Curated by a retired Port Engineer, living (with his wife of 55 years) full-time aboard the Motor Vessel So..fea….in a windy Pacific harbor surrounded by nature, weather, dockside scuttlebutt & maritime experiences forged from traveling amongst cultures, navigating through a wide variety of topics, research, and observations of global marine/ocean-related news and politics in the America of 2021 and how and how it all affects the liveaboard lifestyle see Archives (top left)
6 JULY, 2019 - M/V SO...FEA DECK LOG - SEA LICE
ALTHOUGH WE ARE STILL DOWN COMPUTER-WISE, HERE IS AN OLDER EXCERPT TO KEEP YOU BUSY.... Over the 4th of July week-end, I saw some fish come in with lice, fisherman have no idea what these are... for millions of years Sea Lice have reinvented themselves to live on salmon, and other coastal type fish, feeding on the skin and blood to survive, although Lice have a short, free-swimming larval phase, they need to find and attach to a Salmon host, and begin life less than a millimeter in length.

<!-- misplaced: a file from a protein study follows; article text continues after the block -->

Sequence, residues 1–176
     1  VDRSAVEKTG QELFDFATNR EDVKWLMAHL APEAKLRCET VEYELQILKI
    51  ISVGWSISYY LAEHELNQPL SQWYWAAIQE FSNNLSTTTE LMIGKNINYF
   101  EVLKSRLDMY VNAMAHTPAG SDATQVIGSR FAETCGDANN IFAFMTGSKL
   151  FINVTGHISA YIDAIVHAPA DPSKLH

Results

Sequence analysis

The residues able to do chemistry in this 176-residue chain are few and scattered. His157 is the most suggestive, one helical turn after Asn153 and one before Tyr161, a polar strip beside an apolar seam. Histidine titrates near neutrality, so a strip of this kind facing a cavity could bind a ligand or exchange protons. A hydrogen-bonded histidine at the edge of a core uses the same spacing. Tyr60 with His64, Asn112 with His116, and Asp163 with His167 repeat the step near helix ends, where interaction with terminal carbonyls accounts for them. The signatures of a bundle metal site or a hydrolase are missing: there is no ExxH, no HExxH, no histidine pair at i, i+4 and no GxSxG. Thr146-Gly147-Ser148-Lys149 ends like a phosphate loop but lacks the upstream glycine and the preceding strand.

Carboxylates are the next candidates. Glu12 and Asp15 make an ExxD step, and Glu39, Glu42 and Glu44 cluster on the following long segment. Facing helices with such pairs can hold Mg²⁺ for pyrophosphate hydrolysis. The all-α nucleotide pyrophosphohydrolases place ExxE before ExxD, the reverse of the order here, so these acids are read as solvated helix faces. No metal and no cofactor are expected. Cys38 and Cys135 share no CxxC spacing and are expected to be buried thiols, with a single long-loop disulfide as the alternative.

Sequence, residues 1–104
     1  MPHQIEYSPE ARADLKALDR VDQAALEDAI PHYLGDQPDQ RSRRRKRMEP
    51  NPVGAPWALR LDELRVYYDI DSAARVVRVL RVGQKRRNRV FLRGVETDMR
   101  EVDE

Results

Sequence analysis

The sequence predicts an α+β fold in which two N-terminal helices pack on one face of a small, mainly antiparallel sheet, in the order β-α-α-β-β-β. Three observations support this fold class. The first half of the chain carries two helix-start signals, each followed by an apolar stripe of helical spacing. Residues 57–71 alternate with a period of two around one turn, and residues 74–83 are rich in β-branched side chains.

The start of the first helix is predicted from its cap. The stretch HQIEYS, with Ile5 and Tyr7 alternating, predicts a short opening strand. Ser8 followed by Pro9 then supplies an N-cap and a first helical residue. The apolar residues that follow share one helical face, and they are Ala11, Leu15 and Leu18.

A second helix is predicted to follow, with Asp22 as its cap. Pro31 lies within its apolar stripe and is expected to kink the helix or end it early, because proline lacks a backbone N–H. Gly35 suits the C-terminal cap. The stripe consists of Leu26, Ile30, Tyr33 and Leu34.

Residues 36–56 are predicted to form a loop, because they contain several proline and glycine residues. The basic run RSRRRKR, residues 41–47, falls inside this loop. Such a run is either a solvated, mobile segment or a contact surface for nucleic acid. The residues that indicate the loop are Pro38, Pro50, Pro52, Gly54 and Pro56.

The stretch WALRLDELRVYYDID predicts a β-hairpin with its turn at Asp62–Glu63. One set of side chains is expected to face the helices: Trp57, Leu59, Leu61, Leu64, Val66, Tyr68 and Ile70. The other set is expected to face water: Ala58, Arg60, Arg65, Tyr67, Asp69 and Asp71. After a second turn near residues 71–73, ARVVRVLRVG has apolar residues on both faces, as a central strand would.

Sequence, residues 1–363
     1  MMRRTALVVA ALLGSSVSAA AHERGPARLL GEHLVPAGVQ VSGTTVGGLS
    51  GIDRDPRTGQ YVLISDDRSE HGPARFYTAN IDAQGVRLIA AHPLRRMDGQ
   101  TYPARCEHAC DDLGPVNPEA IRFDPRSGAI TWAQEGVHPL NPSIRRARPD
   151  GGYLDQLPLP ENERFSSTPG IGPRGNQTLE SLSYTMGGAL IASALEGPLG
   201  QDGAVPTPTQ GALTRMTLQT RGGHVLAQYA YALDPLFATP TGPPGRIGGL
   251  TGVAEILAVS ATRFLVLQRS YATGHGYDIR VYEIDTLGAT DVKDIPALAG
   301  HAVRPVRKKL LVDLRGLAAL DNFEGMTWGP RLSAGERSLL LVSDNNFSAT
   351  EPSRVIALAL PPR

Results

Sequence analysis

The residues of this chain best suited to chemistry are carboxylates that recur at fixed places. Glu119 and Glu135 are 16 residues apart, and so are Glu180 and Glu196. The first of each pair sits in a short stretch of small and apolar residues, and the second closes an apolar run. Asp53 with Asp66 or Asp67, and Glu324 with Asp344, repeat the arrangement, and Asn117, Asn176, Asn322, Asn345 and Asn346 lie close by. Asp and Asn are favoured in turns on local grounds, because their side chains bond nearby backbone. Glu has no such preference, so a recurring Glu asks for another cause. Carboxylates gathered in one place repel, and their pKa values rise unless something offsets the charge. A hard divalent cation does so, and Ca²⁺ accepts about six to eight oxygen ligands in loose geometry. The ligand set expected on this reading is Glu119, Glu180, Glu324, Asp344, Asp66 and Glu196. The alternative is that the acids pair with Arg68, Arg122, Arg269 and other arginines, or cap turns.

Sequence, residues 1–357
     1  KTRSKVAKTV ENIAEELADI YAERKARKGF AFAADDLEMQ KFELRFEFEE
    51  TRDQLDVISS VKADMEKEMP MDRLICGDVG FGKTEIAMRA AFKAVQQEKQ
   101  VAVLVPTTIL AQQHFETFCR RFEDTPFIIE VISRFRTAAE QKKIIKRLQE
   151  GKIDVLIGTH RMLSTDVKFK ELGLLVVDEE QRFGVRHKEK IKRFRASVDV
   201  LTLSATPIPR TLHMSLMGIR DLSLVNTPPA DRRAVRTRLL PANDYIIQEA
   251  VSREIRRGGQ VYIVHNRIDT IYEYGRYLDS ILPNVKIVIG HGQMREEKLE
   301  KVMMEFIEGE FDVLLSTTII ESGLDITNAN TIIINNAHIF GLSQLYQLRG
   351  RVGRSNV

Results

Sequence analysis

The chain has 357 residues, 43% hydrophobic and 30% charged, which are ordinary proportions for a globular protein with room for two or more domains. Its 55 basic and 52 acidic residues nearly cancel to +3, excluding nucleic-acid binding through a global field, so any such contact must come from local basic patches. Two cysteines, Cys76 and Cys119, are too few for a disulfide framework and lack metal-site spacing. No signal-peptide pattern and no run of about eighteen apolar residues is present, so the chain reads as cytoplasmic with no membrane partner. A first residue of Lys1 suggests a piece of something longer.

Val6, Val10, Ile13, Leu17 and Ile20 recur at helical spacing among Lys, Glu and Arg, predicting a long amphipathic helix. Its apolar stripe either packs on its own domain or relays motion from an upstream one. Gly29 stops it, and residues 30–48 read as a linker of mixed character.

Sea lice are able to invade schools or 'groups' of family fish, they act much like they do on on humans, when living in high densities, so, infestations spread more easily. Sea lice are able to settle-in and attach to fish and then grow into their pre-adult stage without the fish even being aware that they are there.
During the time when they are attached to a salmon, sea lice actively feed and “graze” on the skin and the outter tissues, and the mucous sub-layer of the fish skin. Once sea lice molt into their second growth stages they move and become more pathogenic, that is when blood can be detected in a fish’s gut, leading the sea lice to start feeding on the blood in the hosts innards.
During their attachment Sea lice secrete numbing compounds preventing a fish’s immune response from working properly, allowing even more Sea lice to settle on, and feed at their leisure.
Once fish mature, many things happen due to the damaged skin, the overall health of the fish degrades, the fish goes into distress, eats less, becomes lethargic (and easier to catch), the diseased skin and immune system opens a portal to secondary infections linked to virus and bacteria in the flesh of the fish.
If you are not familiar in identifying a "sick" fish, be careful.